For most applications (seen in the table below), a minimum Ra80 is recommended. For example, grocery stores require very good colour rendering. We don’t want the products to look unnatural. Imagine being in a grocery store and seeing the fruit looking like the above right image! There are also spaces that usually need a higher CRI. For museums and galleries, light sources with greater than Ra90 are often required, however lighting is determined of course by the artwork and display requirements.
An interesting fact that should be mentioned is that although a light source has high CRI, it can render one particular colour poorly. For example, it can have excellent rendering ability on most test colour samples but not on, let’s say, the green ones. For this reason, also, two light sources with the same Ra can render the colours in a different way. This is simply explained because, as mentioned before, the CRI is obtained as an average and there could be many combinations of each of the individual test colour samples that give the same Ra.4 This is why it’s always good for designers to test the specific objects or artwork under the proposed light sources5 and determine afterwards which one provides the lighting result they desire.
Good colour rendering doesn’t only have to do with objects and the architecture of the space, but also with people’s skin tone. Whether the light fittings make human skin appear healthy, flattering, or sick, affects how people feel and can create an emotional connection to the whole space. The designer should be mindful when choosing light sources especially in areas where a person’s appearance may be closely examined, such as hospitals, fitting rooms in retailing or beauty and cosmetics stores.6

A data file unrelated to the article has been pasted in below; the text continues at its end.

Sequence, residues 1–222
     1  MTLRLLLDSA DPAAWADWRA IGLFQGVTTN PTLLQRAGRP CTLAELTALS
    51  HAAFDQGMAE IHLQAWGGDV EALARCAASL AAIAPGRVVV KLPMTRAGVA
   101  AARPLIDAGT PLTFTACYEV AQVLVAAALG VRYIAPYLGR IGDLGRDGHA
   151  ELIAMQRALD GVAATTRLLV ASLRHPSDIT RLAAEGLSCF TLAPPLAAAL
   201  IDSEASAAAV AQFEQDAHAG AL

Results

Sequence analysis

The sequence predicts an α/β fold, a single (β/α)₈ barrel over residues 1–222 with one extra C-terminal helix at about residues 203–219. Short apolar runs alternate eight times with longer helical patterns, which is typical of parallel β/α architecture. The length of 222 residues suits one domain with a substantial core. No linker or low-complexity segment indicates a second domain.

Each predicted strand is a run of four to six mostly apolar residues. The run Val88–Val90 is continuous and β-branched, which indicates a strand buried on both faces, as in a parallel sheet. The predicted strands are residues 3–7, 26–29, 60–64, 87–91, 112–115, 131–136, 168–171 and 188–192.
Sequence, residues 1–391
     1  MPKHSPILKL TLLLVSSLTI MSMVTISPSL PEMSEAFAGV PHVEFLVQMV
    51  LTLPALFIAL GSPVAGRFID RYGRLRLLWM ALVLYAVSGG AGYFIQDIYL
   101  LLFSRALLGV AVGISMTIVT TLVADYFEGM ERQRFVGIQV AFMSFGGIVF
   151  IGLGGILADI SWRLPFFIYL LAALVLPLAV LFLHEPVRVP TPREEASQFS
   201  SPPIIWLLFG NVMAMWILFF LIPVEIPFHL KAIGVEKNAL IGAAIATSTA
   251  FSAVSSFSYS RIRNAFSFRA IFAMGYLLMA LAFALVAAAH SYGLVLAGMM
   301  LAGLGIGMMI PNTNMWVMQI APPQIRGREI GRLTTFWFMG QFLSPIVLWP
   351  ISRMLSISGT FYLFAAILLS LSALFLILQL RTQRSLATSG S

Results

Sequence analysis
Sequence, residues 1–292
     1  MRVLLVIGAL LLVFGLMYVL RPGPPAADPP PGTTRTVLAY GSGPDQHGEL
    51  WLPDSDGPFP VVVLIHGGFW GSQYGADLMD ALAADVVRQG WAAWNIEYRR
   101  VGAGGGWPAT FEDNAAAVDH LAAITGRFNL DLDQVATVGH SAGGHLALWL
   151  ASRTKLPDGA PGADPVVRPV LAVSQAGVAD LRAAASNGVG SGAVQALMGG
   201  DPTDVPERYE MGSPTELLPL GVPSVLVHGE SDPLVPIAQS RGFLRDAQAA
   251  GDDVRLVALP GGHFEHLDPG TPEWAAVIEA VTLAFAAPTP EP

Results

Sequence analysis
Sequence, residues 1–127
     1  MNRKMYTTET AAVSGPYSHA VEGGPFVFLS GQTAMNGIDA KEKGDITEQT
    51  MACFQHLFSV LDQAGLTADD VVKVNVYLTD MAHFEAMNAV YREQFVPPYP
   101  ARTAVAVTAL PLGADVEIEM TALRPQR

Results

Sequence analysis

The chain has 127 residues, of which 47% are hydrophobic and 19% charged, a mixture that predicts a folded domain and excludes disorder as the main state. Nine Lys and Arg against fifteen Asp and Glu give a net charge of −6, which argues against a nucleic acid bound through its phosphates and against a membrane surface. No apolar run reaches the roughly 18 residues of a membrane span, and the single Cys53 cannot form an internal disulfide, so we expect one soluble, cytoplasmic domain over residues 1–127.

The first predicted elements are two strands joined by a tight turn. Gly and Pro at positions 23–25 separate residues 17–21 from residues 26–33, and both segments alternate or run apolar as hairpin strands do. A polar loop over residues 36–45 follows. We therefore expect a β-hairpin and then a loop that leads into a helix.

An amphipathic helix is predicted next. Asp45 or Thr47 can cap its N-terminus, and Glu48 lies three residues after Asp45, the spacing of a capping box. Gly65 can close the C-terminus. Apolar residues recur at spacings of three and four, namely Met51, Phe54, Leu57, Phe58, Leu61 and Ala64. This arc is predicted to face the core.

A few years ago, Nulty completed a research project with University College London (UCL), supported by Xicato, in collaboration with a leading global cosmetics brand to study the impact poor colour rendering has on skin tones. Because skin is a rich and complex palette, accurate colour rendering is difficult. As a consequence, an issue that cosmetic retailers face is the number of customer complaints and returns due to mismatched foundation shades – because of poor CRI. Nulty’s research aimed to prove that by finding the correct CRI and Spectral Power Distribution (SPD) for colour matching, customers would be happier, product returns would be reduced, and makeup consultants’ lives made easier. As a result of the findings, the Beauty Series by Xicato was developed to produce a balance between beautiful, natural skin tones and colour discrimination, as well as making the products on display “pop”.7
Before finishing up, it’s worth sharing some brief facts that are often misunderstood about CRI:
CRI is dependent on the objects (CRI is ‘invisible’ – you can understand it only by lighting the objects), but it doesn’t depend on colour temperature (different kinds of lamps with the same colour temperature can have different colour rendering ability). Also, it is independent of energy efficiency (the traditional incandescent lamp has low-energy efficiency but high CRI).
Finally, the CIE CRI has been improved since 1965, however the emergence of LEDs has shown some weaknesses in the CRI system. A new metric was published in 2015 that correlates better with the performance of LEDs, the TM-30-15.8 But let’s keep that for the next discussion!
Blog post by Eleanna Kafka